Sports & Culture
From an Olympics spectator to Hong Kong’s first equestrian eventing competitor
Thomas Ho: “This profession requires a lot of patience, passion, and discipline.”
For many Hong Kong people, the Beijing Olympics was a most rousing and unforgettable experience. For HKJC Equestrian Team rider Thomas Ho, the Games meant so much more – they set him on the path to becoming a professional rider.
Born in Hong Kong in 1989, Thomas started riding at the HKJC’s Pokfulam Public Riding School at the age of seven. He took to riding well and went on to take part in different equestrian competitions in Hong Kong and overseas. Thomas later paused horse riding for four years to focus on his studies, going to Switzerland to learn hotel management. Then the Beijing 2008 Olympics came along and he got a sense for his life goal.
“I was interning at a hotel in Hong Kong. I was responsible for attending to the VIPs of the equestrian teams and saw so many top riders in the equestrian events of the Beijing Olympics in Hong Kong,” says Thomas. “My best friend and coach Alex Hua represented China. Watching him compete fuelled my determination to become a professional rider one day.”
In 2008, the Club supported Hong Kong’s co-hosting of the Beijing Olympics equestrian events, committing HK$1.2 billion to build the competition venues, providing 24-hour veterinary services and also testing services for equine doping control. This marked a milestone in the development - and the start of a period of rapid growth - in the equestrian sports in Hong Kong.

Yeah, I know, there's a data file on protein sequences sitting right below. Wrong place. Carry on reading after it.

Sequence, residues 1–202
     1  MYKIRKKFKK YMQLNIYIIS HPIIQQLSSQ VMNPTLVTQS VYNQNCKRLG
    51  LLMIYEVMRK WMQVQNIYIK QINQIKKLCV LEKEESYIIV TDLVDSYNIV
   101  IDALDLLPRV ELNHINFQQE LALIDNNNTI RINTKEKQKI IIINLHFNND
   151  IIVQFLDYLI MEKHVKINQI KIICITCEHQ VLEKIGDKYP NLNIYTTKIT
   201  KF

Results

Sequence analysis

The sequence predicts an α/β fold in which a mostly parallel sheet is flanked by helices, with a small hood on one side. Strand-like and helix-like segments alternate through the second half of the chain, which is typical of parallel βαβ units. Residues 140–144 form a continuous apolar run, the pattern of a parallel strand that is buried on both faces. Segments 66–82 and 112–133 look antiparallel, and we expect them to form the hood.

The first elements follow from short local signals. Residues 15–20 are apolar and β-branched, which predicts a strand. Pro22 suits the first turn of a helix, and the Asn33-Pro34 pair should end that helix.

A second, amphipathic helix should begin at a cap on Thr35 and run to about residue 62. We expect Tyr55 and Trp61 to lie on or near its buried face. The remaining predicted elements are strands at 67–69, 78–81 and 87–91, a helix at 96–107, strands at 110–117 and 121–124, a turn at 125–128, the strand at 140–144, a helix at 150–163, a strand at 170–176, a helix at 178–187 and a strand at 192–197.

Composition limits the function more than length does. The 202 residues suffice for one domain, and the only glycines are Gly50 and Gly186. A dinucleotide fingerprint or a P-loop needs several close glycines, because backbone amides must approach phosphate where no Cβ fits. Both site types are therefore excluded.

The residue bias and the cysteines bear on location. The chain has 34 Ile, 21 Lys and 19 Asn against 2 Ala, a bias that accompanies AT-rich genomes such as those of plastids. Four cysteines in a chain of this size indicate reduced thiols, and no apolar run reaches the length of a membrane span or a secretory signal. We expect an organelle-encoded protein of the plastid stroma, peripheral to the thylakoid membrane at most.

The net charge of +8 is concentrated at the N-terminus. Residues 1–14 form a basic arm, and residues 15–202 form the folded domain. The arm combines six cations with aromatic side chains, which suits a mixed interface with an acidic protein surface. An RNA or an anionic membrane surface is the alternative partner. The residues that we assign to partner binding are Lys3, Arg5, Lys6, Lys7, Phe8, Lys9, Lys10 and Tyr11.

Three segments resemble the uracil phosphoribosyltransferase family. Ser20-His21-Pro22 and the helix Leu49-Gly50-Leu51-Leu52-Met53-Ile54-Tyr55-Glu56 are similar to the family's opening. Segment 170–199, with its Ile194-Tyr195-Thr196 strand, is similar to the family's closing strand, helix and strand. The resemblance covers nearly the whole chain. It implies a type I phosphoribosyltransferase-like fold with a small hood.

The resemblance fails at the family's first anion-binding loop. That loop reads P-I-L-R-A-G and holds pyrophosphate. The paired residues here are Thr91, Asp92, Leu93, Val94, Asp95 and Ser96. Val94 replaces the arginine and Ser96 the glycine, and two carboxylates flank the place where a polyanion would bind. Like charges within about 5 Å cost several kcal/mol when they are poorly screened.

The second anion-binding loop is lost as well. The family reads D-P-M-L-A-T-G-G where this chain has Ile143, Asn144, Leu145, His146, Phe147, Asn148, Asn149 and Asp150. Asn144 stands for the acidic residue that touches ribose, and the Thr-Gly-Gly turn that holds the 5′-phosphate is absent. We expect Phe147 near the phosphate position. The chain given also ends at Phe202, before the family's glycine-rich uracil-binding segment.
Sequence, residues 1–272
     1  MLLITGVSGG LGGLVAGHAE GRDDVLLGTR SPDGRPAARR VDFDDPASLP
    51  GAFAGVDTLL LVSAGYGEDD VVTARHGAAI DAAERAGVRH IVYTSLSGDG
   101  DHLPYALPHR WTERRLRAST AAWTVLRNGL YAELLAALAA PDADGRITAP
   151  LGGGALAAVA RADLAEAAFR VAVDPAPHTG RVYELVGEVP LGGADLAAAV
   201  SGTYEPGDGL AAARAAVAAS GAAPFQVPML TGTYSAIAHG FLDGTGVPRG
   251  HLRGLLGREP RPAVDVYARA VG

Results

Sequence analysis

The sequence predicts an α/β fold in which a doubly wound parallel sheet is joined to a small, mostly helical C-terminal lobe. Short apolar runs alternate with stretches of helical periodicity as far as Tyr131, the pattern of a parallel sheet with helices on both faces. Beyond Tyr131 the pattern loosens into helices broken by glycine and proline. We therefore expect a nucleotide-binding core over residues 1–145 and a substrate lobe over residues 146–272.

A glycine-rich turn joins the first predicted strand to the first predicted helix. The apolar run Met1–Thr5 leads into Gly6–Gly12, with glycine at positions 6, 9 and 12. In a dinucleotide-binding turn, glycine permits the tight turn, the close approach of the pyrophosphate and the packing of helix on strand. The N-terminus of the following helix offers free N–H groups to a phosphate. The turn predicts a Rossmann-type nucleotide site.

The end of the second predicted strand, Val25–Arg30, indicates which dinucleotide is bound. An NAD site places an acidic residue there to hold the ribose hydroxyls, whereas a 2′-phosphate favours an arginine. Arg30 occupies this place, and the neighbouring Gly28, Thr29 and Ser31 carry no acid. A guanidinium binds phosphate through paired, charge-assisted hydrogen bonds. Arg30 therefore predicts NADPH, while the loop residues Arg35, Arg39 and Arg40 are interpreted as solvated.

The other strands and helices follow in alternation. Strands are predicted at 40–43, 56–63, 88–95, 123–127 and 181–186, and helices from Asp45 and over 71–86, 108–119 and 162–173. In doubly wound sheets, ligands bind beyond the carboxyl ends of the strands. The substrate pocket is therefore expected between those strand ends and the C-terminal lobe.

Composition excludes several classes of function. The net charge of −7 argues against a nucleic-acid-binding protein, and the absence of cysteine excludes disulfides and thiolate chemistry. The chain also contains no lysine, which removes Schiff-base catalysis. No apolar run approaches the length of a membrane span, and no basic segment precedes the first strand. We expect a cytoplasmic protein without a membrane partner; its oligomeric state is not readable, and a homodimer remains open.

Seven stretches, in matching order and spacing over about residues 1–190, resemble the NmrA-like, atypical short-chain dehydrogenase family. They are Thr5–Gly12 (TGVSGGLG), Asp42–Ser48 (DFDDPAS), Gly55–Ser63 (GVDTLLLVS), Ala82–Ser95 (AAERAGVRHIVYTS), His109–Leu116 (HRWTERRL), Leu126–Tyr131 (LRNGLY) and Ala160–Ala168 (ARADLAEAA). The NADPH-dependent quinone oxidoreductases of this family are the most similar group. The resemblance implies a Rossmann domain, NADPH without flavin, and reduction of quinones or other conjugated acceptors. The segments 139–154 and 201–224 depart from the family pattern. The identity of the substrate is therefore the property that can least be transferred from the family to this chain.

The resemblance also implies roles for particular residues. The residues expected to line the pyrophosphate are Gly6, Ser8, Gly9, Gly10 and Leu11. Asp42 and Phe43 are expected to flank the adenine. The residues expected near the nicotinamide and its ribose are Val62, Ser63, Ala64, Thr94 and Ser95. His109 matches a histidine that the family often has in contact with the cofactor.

Meanwhile, Thomas stepped up his ambition in the saddle. At first, he was juggling between his hotel work and riding training. He went on to represent Hong Kong at the Incheon 2014 Asian Games, winning an eventing bronze with his teammates. Shortly after, he made up his mind and became a full-time rider.
Thomas doesn’t find the life of a full-time rider easy. “This profession requires a lot of patience, passion, and discipline.“ He finds the bond-building between the rider and the horse the most difficult yet also the most fascinating part of the sport. It took him three years to build a perfect partnership with his horse Tayberry. “At first we didn’t know each other. There were many misunderstandings and doubts between us,” Thomas recalls. “It took us three years of training before we could trust each other.”